Evaluation of Water-Oil Displacement Efficiency Using Subsurface Logs
- J.H. Rebold (Arabian American Oil Co.)
- Document ID
- Society of Petroleum Engineers
- Journal of Petroleum Technology
- Publication Date
- January 1962
- Document Type
- Journal Paper
- 17 - 21
- 1962. Original copyright American Institute of Mining, Metallurgical, and Petroleum Engineers, Inc. Copyright has expired.
- 3 Production and Well Operations, 2 Well Completion, 5.3.4 Reduction of Residual Oil Saturation, 5.2 Reservoir Fluid Dynamics, 5.6.2 Core Analysis, 1.10 Drilling Equipment, 5.5.2 Core Analysis, 2.2.2 Perforating, 5.1.1 Exploration, Development, Structural Geology, 5.2.1 Phase Behavior and PVT Measurements, 5.6.1 Open hole/cased hole log analysis, 5.7.2 Recovery Factors, 5.4.1 Waterflooding, 5.6.4 Drillstem/Well Testing
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A method is presented for the calculation of in situ values of oil-displacement efficiency by water flushing using conventional subsurface logs. The method has been devised so that a knowledge of the original water saturation vs depth profile can be used but is not essential, provided that a reasonable value for irreducible connate water is available. This feature provides a means of obtaining an approximation of oil-displacement efficiency in wells which were not cored or had original logs of too poor a resolution to yield reliable water saturation values. A reasonable agreement has been obtained between recent field tests and a limited number of laboratory tests performed under reservoir conditions. As secondary products, it is also possible to observe and determine the water-advance rate, the oil desaturation profile with time and the final equilibrium residual oil saturation. All of these are valuable tools in planning and prediction. The steps taken to insure optimum logging results and determination of water saturation and porosity values are discussed in detail, since they form an integral part of the required calculation procedure.
As cumulative oil withdrawals from a reservoir subject to edge-water or bottom-water drive increase, it is desirable to: (1) follow and analyze the efficiency with which the water has displaced oil from the pores of the reservoir rocks; (2) determine the actual, in situ, final residual-oil saturation; and (3) determine the rate of advance of the oil-water contact. This information is particularly valuable in determining the methods of operation to gain maximum recovery of original oil in place and in the planning and scheduling of field operations. Knowledge concerning these variables also can be used in substantiating laboratory data and material-balance calculations. In the Ghawar, Abqaiq and Safaniya fields of Saudi Arabia, a planned program is being carried out to complete key delineation wells as water-advance observation wells and, also, to convert suitable wells to water-advance observation wells. In the case of the latter, it has been necessary to mill out liner or casing. To reduce the possibility of end effects near the wellbore, the observation wells are not used for production purposes. The technique employed is simple and consists of (1) completing the well open-hole with a highly resistive fluid in the wellbore such as fuel oil, and (2) initially running the Induction and Sonic logs through the zone of interest. Following this, the Induction log is run through the zone of interest at regularly scheduled periods to observe changes in oil saturation with time. By using appropriate calculation procedures, the oil saturation and the relative oil-displacement efficiency can be determined. Results of oil-displacement efficiency calculations using logs have been compared with the oil-displacement efficiency obtained by water flooding reservoir rock under reservoir conditions in the laboratory. The two methods have yielded a very reasonable agreement with each other.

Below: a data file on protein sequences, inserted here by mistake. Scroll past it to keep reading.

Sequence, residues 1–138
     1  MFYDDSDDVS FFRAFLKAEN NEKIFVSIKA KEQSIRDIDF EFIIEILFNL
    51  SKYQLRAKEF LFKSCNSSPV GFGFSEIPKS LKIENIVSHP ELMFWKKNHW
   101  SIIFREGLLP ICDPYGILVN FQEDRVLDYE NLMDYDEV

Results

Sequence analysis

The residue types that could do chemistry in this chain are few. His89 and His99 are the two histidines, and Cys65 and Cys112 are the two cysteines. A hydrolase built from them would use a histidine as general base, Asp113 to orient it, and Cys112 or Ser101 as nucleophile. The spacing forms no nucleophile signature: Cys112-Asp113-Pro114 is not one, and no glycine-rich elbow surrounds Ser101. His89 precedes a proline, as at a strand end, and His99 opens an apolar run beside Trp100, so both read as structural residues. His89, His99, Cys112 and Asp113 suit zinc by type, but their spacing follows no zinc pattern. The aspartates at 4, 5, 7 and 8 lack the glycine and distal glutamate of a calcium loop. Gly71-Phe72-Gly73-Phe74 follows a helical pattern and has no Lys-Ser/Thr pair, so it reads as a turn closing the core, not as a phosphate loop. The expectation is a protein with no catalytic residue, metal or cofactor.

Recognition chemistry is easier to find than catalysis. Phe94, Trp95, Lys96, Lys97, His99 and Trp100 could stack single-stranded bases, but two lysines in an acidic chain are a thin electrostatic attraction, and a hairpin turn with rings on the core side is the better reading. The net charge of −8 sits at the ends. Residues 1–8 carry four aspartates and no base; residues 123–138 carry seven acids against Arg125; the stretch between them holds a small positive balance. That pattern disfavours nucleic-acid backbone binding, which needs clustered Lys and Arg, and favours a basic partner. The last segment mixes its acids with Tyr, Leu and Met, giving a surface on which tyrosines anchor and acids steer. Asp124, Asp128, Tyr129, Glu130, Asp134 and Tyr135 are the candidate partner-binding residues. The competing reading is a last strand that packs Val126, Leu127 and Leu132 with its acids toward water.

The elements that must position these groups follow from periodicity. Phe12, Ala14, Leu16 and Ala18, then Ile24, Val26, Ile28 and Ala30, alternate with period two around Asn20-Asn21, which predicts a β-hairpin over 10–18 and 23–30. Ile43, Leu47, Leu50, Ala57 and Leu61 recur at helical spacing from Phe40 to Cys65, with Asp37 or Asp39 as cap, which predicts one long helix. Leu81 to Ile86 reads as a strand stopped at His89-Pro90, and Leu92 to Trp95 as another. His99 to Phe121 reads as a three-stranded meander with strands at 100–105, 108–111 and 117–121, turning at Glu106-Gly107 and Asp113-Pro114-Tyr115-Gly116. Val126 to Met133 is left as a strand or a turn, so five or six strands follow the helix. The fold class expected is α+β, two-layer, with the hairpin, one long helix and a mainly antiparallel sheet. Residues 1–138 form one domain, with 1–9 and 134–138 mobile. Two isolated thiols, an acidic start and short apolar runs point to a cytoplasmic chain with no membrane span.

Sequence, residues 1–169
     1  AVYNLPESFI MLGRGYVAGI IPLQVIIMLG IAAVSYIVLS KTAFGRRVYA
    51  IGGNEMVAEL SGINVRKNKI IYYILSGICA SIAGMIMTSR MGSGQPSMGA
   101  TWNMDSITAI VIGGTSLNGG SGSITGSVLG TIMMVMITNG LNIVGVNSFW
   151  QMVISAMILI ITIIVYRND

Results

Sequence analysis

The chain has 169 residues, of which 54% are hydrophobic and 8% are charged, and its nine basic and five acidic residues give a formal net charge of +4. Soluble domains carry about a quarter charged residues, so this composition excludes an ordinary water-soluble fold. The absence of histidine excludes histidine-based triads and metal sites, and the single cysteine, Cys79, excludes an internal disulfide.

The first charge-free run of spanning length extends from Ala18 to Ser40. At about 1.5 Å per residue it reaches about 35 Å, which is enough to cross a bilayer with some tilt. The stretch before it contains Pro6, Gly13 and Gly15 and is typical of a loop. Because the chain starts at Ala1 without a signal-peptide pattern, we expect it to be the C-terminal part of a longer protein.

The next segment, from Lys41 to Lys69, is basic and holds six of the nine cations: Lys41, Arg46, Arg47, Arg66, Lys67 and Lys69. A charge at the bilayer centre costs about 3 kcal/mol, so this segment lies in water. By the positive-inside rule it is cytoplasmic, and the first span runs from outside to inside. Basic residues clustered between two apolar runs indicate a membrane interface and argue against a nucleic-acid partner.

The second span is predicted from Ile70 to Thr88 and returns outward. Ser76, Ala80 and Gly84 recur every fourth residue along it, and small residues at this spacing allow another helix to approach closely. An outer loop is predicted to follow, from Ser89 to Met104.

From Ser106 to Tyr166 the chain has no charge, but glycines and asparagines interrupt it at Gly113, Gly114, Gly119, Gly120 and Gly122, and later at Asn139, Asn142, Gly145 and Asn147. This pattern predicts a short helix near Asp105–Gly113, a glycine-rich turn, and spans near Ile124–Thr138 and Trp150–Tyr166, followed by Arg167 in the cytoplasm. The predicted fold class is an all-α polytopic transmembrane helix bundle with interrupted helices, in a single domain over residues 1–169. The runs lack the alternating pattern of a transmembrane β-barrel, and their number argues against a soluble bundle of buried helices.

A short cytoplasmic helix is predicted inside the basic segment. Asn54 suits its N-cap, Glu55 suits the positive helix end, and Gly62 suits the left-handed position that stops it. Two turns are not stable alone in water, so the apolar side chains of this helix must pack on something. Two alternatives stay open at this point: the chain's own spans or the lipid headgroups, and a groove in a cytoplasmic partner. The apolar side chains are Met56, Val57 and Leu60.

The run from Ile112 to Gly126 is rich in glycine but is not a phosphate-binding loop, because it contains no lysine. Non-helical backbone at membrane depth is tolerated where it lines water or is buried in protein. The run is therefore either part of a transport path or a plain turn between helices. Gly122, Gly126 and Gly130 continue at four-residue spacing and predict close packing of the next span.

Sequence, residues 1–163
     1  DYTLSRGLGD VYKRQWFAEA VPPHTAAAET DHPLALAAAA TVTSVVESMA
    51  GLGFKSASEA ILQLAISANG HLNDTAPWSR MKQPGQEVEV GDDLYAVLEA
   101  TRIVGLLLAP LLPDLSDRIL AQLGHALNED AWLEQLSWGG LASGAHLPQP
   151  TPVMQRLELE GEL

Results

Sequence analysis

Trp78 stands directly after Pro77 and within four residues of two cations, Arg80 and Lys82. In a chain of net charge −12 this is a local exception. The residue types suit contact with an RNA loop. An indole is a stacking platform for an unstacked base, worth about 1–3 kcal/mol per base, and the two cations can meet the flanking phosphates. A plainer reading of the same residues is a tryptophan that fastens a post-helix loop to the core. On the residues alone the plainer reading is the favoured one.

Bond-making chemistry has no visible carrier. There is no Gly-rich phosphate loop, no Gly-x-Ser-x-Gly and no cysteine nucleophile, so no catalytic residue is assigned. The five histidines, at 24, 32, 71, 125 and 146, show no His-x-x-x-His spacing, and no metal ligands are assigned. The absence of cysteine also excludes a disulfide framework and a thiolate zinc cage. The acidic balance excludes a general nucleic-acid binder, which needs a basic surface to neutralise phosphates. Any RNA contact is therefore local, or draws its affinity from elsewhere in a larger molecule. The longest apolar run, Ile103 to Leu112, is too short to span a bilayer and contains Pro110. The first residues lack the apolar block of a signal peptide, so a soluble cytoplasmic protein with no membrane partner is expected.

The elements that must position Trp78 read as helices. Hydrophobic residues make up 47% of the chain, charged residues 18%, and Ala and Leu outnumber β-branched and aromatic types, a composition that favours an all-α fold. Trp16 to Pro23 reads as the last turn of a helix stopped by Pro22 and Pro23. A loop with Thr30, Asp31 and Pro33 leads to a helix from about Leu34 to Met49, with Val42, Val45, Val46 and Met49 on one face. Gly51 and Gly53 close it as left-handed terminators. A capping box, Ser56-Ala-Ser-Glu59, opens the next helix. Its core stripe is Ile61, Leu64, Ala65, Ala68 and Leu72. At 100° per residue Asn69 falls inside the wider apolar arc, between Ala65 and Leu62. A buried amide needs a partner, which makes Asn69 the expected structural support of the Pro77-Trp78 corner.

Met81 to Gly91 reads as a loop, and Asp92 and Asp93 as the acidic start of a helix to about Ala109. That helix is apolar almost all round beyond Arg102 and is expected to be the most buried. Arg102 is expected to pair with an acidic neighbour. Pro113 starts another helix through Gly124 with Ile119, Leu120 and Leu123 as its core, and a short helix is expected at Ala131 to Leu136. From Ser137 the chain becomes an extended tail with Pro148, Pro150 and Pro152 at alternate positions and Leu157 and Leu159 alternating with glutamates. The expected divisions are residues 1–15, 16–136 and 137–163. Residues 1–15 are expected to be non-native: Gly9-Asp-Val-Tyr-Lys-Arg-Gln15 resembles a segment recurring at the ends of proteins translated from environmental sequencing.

Displacement Efficiency Calculation
For the purpose of this discussion, the oil-displacement efficiency (oil DE) is defined as the efficiency with which water displaces oil in that portion of the reservoir rock volume contacted by the water. It specifically implies that no areal sweep efficiency or vertical conformance efficiency is included in the displacement efficiency. This definition has been used for two reasons: (1) the volume measured by logging is insignificant compared with the entire reservoir volume, and (2) displacement efficiencies as measured in the laboratory compared closely with values calculated from logging. Under certain conditions, it is possible for the volume measured by logging to contain some portion of the areal sweep efficiency and/or vertical conformance efficiency. If this is known to he the case, the efficiency yielded by log calculations will not be the displacement efficiency defined herein. This is a matter of experience and judgment in determining the actual physical significance of the efficiency values yielded by log calculations. When applied in conjunction with subsurface logs, the displacement equations yield instantaneous values.
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